At once, with contemptuous perversity, Mr Vladimir changed the language, and began to speak idiomatic English without the slightest trace of a foreign accent.
One-dimensional social identities are not what they used to be…We all make choices about how seriously we take such identities, and many of us make choices about the identities themselves.
Outline of the chapter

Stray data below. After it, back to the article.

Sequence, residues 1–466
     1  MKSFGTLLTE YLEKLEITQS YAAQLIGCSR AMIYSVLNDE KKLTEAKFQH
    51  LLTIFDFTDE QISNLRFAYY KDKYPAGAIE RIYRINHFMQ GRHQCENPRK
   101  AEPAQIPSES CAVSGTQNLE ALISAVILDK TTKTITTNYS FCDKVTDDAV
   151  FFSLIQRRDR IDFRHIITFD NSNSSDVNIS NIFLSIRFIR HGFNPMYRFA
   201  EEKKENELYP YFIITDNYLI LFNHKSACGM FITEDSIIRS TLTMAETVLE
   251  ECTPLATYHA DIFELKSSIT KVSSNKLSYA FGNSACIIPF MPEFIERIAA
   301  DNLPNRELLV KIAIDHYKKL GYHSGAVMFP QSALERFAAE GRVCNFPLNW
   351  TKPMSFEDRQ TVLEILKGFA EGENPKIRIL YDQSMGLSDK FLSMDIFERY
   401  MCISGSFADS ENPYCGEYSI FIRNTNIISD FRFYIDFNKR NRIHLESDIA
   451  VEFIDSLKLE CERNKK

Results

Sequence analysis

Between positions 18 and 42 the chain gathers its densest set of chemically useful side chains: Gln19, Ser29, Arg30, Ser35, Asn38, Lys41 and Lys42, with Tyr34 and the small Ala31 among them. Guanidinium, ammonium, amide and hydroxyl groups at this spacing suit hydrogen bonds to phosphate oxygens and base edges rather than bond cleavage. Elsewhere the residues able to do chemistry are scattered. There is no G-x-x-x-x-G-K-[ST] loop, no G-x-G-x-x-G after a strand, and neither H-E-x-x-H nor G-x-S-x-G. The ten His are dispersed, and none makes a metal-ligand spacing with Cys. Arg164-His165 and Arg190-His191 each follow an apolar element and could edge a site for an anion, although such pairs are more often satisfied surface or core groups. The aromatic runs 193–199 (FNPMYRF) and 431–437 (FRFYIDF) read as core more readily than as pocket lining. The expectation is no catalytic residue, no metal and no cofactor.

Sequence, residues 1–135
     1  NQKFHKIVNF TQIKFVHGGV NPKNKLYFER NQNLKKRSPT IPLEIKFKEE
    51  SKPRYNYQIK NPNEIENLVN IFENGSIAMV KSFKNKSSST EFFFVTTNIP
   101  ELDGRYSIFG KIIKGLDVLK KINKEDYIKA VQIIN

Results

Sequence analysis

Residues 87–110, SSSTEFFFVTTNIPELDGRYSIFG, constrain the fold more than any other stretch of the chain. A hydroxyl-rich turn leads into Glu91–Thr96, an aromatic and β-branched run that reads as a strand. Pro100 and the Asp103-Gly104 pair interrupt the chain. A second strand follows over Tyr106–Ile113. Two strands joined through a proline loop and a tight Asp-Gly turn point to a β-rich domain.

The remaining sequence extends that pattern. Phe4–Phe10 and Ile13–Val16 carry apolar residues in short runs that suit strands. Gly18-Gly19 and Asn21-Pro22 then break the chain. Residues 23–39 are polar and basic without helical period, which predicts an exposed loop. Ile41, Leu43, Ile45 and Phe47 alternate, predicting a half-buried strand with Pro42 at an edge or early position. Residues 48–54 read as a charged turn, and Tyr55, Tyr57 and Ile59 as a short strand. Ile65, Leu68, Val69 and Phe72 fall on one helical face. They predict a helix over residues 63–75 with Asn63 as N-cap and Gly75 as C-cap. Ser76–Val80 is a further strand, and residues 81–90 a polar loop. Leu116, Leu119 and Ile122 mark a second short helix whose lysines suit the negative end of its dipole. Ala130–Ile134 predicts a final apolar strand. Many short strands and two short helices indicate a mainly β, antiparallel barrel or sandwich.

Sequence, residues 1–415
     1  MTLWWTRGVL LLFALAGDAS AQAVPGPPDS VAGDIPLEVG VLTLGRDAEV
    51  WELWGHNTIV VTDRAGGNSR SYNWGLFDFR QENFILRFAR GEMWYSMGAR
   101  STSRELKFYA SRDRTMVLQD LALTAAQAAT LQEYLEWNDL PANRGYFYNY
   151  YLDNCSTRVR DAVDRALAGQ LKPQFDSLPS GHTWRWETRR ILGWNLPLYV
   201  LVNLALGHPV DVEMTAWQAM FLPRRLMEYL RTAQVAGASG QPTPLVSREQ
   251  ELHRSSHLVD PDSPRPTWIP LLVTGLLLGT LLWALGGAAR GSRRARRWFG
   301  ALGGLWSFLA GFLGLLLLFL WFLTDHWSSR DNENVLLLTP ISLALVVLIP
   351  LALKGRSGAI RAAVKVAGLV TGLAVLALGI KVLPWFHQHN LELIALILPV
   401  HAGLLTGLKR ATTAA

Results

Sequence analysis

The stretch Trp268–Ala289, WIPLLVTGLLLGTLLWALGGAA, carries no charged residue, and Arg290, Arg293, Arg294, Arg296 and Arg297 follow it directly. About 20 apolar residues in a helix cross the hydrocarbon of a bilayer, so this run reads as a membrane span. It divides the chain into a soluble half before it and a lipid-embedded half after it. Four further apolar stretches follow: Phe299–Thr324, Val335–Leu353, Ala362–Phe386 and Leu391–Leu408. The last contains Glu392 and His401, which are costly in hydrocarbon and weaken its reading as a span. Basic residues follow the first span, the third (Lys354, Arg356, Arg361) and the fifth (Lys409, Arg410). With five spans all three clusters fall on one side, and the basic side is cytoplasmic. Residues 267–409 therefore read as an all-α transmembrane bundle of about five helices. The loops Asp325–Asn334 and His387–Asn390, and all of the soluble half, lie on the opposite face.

Language serves instrumental and symbolic purposes. Among the latter, the manifestation of identity sticks out as a topic that has inspired a great deal of sociolinguistic research. Departing from the notion of ‘native speaker’, understood as the speaker of one’s proper, inborn language, this chapter investigates the link between language and identity. It discusses various kinds of identity – individual, ethnic, social and national – introducing major theoretical approaches to sociolinguistic identity research. On the basis of the Welsh language and its function for Welsh identity, the chapter argues that ethnolinguistic identity is variably emphasized by different speech communities, often playing a more important role for minority groups existing in the shadow of an overbearing neighbour than for speech communities whose language is not at risk of being replaced. It furthermore demonstrates that the language–identity link, rather than being an inalterable fixture, is historically contingent and can be either foregrounded or downplayed. The problem of shifting and multiple identities is discussed, and it is explained that identity research has moved from a predetermined concept to a more dynamic notion of identity as flexible and negotiable on both the group and individual level.